MV Blog posts about Sulawesi field research

The Age of Exploration continues

Author
by Chenae Neilson
Publish date
6 November 2013
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Chenae Neilson is a Master of Science in Human Geography student at the University of Melbourne. This is the first post of an MV Blog mini-series celebrating the past, present and future of exploration on planet Earth and commemorating the adventures of Alfred Russel Wallace who died 100 years ago today.

Over the last 250 years, the taxonomic classification of life on Earth has described approximately 1.2 million species that share the planet with us, Homo sapiens. However, every year, we discover thousands of new species. Often these are organisms that have been concealed from scientific observation within impassable forests or the dark of the ocean abyss. A 2011 estimate suggests there are over eight million species on Earth, which means we have described fewer than 15 per cent of them. This stems, in part, because we have explored only five per cent of the world’s oceans, and scientists have yet to survey many terrestrial environments.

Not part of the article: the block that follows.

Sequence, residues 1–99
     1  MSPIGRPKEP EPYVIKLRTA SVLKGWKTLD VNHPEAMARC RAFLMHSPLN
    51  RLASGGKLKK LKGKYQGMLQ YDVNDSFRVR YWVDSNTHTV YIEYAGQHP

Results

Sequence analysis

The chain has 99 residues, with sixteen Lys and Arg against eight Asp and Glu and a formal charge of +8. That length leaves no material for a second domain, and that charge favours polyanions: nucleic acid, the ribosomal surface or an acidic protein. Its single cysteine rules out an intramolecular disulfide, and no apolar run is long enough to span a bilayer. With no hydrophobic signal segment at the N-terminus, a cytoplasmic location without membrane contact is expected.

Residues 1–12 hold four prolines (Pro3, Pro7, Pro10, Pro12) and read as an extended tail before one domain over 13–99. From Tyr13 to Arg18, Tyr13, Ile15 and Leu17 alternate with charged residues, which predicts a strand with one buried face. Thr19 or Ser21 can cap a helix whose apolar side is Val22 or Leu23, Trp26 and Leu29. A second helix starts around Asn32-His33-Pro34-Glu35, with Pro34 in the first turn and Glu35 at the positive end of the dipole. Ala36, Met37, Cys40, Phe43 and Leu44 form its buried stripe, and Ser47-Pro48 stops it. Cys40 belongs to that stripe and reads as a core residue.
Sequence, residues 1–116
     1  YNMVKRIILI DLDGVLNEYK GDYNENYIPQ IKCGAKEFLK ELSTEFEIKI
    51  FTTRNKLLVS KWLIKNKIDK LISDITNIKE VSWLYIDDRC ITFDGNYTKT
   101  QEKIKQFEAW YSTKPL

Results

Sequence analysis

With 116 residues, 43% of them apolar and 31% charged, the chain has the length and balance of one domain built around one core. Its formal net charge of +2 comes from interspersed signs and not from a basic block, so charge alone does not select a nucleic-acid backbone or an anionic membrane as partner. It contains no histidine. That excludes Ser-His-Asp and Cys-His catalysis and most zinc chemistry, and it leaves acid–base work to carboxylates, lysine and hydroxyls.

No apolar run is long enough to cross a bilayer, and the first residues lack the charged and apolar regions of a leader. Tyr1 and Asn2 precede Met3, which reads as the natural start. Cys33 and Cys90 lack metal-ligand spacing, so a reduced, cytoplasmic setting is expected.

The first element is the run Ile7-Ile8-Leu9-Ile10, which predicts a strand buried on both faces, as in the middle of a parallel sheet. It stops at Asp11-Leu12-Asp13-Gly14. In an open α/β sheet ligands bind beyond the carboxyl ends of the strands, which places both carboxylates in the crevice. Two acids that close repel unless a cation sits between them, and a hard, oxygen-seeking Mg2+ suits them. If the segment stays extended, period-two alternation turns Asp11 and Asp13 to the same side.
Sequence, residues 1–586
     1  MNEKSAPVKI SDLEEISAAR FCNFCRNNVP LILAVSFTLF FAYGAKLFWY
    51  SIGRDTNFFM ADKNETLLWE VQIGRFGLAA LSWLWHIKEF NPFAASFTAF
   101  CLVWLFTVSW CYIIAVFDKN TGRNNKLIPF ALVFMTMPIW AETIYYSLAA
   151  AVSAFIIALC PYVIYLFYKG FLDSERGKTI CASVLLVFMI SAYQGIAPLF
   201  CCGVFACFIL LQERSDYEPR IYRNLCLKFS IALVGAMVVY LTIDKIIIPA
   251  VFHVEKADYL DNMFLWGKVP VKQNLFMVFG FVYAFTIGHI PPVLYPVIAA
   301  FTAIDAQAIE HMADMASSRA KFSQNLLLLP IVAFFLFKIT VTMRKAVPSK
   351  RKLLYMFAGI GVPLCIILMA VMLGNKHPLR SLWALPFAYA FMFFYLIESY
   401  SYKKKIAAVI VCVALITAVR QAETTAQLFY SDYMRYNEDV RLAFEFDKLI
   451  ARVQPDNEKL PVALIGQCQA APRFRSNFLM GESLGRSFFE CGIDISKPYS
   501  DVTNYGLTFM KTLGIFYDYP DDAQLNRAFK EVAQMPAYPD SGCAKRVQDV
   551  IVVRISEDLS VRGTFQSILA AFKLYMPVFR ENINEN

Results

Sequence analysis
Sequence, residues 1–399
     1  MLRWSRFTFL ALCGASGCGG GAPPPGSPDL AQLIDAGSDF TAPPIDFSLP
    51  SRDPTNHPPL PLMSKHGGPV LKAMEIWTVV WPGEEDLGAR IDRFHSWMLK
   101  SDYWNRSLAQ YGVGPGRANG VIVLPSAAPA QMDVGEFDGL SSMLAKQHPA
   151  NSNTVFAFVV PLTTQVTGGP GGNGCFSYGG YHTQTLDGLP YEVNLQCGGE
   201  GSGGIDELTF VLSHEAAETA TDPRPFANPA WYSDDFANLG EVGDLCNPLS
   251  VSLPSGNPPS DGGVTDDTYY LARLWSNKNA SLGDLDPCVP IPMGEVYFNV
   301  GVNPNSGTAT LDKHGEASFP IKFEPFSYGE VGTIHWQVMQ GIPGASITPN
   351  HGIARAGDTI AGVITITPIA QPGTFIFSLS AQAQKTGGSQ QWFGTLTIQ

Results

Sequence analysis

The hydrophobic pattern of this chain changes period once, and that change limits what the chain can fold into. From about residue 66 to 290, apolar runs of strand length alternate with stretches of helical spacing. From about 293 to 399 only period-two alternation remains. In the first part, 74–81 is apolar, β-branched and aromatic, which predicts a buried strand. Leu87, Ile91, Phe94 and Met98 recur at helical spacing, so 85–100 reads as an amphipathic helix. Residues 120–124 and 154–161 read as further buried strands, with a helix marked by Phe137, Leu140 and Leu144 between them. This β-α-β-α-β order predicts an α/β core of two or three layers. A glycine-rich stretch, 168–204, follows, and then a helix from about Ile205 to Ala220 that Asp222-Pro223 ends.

This celebration of exploration marks the centenary of the death of explorer, naturalist, and evolutionary biologist Alfred Russel Wallace who died on 7 November 1913. To commemorate Wallace we return to the region of his most famous exploration.

Alfred Russel Wallace, circa 1895. Alfred Russel Wallace, circa 1895.
Image: London Stereoscopic & Photographic Company
Source: Wikimedia Commons

"Nature has taken every precaution that these, her choicest treasures, may not lose value by being too easily obtained."
Alfred Russel Wallace